Organic Vegetables

William Bartram’s 1776 account of the Cuscowilla Indian village onthe south edge of Payne’s Prairie, near present day Micanopy,describes a society that lived in balance with their environment(Figure 1). He published Travels through North and South Carolina, Georgia, East and West Florida in 1791. In it he described how they produced their food, saying:

“They plant but little here about the town; only a small garden plot at each habitation, consisting of a little Corn, Beans, Tobacco, Citrus (and more). Their plantation, which supplies them with the chief of their vegetable provisions, lies on the rich prolific lands bordering on the great Alachua savannah, about two miles distance”.

There were no synthetic fertilizers or pesticides. These savvy farmers grew crops organically. They took the time to understand their environment, and probably understood that their precious crop could be wiped out by insects or weed competition. Imagine these early farmers, moving through production areas; aware of every nuance regarding how various plants and insects interact. It is not a far stretch of the imagination. In fact, these farmers knew certain insects ate the crops while others ate insects. Today, these insects are referred to as being either “pests” or “beneficials”.  In fact, nowadays you can purchase “good bugs” to eat the “bad” bugs on your crop!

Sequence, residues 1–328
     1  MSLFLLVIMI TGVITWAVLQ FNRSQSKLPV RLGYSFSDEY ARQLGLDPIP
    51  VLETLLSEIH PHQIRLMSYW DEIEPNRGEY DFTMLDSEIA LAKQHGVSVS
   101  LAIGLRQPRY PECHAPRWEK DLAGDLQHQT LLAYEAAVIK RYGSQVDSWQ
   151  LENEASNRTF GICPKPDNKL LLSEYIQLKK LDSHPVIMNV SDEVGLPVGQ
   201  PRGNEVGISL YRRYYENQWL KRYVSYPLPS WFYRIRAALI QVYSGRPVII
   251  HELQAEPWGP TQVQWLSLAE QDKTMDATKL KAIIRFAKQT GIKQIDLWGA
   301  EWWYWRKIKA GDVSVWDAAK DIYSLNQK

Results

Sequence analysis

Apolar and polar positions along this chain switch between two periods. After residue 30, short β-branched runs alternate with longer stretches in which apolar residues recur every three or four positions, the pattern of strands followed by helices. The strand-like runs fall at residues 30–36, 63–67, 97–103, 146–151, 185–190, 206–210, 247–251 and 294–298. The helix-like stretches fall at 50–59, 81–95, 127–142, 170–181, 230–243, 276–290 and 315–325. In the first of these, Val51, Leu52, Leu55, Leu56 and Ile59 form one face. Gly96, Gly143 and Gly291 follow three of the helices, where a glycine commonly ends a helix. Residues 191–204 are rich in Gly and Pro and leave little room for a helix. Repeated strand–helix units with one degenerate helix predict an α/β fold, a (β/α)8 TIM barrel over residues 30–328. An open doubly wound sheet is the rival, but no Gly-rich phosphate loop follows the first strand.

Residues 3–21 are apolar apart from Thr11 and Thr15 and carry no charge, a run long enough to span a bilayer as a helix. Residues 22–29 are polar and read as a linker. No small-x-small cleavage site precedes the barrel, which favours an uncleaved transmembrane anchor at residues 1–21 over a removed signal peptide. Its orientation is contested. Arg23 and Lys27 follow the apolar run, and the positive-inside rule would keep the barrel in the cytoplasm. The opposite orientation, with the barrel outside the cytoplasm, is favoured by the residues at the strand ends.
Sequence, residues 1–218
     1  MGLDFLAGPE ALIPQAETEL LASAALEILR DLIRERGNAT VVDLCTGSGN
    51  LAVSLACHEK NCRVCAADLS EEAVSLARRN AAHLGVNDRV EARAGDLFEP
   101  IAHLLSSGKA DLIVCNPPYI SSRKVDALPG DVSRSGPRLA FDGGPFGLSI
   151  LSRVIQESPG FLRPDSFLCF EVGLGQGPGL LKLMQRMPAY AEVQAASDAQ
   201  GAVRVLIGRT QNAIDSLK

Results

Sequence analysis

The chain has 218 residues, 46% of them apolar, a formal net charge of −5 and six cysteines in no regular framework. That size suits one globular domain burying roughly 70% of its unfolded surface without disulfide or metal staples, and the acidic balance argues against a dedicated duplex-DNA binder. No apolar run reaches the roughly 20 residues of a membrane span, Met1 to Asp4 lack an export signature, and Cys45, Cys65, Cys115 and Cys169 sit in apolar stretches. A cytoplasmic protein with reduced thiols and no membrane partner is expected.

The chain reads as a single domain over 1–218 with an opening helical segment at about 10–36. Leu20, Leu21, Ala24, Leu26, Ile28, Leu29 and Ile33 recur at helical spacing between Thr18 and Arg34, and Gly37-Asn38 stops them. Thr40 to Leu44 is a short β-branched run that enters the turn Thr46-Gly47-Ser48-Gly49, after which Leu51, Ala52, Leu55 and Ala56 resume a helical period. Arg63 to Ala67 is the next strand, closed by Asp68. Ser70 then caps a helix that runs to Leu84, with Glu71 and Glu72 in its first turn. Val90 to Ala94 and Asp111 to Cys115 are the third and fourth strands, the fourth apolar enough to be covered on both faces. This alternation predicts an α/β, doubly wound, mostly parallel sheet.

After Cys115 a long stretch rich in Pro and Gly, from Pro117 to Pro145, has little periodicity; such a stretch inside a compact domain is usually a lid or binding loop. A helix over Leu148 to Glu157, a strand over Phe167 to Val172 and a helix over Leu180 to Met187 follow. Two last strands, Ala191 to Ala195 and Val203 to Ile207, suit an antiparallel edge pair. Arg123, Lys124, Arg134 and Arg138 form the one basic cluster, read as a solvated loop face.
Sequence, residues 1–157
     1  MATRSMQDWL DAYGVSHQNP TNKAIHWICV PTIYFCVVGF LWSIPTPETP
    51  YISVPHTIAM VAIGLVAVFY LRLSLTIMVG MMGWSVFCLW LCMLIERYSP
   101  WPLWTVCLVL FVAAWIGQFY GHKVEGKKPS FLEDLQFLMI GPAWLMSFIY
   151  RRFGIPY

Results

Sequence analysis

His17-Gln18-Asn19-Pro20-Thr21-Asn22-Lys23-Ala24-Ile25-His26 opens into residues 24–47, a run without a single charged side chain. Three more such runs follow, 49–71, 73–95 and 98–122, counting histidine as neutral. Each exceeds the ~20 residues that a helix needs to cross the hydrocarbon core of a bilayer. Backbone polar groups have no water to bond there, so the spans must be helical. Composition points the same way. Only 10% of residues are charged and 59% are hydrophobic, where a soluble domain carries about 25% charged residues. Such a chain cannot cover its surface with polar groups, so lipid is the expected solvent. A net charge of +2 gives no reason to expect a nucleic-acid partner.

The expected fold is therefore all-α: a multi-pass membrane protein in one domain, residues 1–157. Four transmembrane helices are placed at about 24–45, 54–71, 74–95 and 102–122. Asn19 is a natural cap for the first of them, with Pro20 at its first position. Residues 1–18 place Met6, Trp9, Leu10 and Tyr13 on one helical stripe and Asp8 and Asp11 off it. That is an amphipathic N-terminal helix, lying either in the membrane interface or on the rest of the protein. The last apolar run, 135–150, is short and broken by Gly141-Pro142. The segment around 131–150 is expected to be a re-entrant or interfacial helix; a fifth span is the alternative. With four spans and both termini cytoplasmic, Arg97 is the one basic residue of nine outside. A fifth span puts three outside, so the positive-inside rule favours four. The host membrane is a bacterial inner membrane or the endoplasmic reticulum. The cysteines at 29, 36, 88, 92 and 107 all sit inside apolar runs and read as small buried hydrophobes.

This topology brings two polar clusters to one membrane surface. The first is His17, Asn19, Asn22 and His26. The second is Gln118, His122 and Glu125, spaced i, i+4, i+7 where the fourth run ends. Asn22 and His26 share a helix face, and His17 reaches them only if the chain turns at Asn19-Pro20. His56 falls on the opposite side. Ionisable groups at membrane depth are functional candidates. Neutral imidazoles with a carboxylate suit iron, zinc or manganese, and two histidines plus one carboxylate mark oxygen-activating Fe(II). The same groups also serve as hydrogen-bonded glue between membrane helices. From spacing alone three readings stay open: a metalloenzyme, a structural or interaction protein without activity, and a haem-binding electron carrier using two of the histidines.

During the 19th century, the demands of population growth on food supply were met with new technologies including mechanized farming, chemical pesticides, commercial fertilizers and vigorous plant breeding programs. These methods made it possible to grow more food per acre than ever before. However, rising fuel costs and increased competition for once abundant natural resources like water motivate University of Florida/IFAS researchers to constantly look for ways to produce crops more efficiently while preserving theenvironment for many generations to come.

Today, organic production is a combination of new technology and traditional methods. As a result of recent research, there are many new tools for organic farmers to use including soil analysis, plant nutrient monitoring and integrated pest management systems. Additionally, there are many new commercial organic fertilizers and pesticide products on the market which have made organic farming more user-friendly than ever.

Consumers are showing their support for this method of production at the market. Demand for organic produce has increased 20% a year on average since 1990. This has resulted in higher profit potential for organic producers. For more information about organic vegetable production, please see the resources listed here or contact your local UF-IFAS County Extension office.

UF/IFAS Publications

Resources from Other Universities or Federal Agencies

Additional Resources